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History

The History of the United Badge

19 June 2015

The story of Oxford United's badge from 1949 to now

A history of the Oxford United club badge by Martin Brodetsky, official club historian

The first club badge that we know about adorned the Headington United shirt at the beginning of the 1949/50 season, when the club turned semi-professional and joined the Southern League. This badge comprised the initials HUFC above the word Oxford, over a silhouette of an ox, in red, crossing a ford, within a crest. 

Two seasons later the emblem was changed to a larger crest, quartered. The top left quarter held the initials HUFC, while the adjacent segment was solid orange, the club’s main colour at that time. The bottom-left quarter was a block of blue (the colour of the shorts at that time), next to the familiar red ox crossing a ford. 

This design remained Headington’s badge, although it didn’t always feature on the shirt, until 1960, when the club changed its name to Oxford United, to become more reflective of the city it served and to give it wider recognition in its bid to be elected to the Football League, an aim it achieved in 1962.

The change of name necessitated a new badge and so the club held a competition for fans to come up with the design. This was won by Mr SEV Clarke, from Headington, whose entry again featured the silhouette of a red ox crossing a ford within a crest. The border of the crest had the words Oxford United within it and this was superimposed over a large H, to remember the Headington name. However, this badge never appeared on the shirt.

Twelve years later, as the club ditched its old-gold shirts in favour of yellow, the badge was again altered, this time quite radically. The crest became circular, with Oxford United Football Club within it, surrounded a design that included a red ox head, face on. This badge did appear on the club shirt for most of the subsequent six seasons.

In 1979 anthropologist and club director Desmond Morris came up with the current iconic ox-head symbol, based on a Minoan-style bull’s head. This was deliberately simplified so that it could be copied easily, and the design’s success is proven in that it is still being used over 35 years later.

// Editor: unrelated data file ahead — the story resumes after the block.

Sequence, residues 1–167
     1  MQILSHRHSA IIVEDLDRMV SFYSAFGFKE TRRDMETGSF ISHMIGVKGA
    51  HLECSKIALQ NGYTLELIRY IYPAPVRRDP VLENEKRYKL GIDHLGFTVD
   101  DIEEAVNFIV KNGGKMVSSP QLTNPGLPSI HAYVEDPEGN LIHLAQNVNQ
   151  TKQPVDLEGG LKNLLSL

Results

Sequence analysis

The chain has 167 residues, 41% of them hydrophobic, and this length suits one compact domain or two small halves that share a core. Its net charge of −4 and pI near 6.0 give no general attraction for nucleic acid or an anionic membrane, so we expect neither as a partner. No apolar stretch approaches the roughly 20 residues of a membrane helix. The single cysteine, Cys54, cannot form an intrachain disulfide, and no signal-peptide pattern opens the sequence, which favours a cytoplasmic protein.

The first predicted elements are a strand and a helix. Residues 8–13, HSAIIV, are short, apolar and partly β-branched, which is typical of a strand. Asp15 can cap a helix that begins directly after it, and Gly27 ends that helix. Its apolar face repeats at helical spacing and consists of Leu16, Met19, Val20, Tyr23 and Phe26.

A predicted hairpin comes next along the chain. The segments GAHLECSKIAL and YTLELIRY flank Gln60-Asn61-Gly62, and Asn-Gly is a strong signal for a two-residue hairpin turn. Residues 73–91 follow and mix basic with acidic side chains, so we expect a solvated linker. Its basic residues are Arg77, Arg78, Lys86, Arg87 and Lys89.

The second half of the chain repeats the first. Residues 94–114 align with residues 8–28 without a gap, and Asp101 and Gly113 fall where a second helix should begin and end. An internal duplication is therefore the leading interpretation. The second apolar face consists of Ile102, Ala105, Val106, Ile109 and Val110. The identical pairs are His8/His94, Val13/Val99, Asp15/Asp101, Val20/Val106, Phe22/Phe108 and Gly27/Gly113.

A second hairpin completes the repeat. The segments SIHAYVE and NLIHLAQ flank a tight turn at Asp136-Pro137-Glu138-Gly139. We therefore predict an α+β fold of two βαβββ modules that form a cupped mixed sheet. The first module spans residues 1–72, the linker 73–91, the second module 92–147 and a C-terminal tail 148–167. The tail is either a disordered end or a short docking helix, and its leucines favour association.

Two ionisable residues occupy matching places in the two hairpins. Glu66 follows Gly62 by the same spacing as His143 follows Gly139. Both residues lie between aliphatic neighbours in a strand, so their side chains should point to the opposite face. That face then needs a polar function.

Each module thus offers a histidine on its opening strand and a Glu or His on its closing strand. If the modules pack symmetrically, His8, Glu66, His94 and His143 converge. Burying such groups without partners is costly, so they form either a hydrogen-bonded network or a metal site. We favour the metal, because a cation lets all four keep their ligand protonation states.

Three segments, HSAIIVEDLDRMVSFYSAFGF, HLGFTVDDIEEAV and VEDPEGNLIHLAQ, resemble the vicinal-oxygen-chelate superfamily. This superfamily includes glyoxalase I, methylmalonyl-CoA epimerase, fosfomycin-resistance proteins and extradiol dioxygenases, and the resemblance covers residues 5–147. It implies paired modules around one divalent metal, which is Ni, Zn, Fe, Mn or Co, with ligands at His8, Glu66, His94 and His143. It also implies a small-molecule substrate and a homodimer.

The initial version was just the head, with OUFC above it, in a blue circle, but the following season the circle was removed and the initials transposed to beneath the ox head. There were minor variations to this basic design over the years, with just the club’s centenary year of 1993/94 radically altering it, enclosing the ox head in a crest with three wavy lines beneath it to represent the ford in St Aldates from which the city takes its name. The legend ‘Centenary’ in a ribbon is below the crest.

After reverting to the simplified ox head the following season, in 1996 the crest and ford were reintroduced, although in a slightly different form to the centenary kit.

Lastly, to coincide with the move from the Manor to the Kassam in 2001, club steward Rob Alderman came up with the current design, which has been used unaltered for the past 14 seasons.

Rob told us:
“I was working as a steward at the Manor but am a graphic designer and I just thought the badge needed tying together and modernising because there were two or three versions knocking about and being used in different places. I approached the club and once I said I’d do it for free I was given the green light!  I thought the ox head was very strong and knew I wanted to keep that so I added the circular part to enclose the river and then built the shield part around that.

“It’s something I am very proud of. I work for myself now as Red Flag Creative up in Manchester and I am still stewarding, but now it is at Old Trafford. I still get a buzz seeing the Oxford badge on TV or wherever and am very proud to have helped the club and been a part of its history.”

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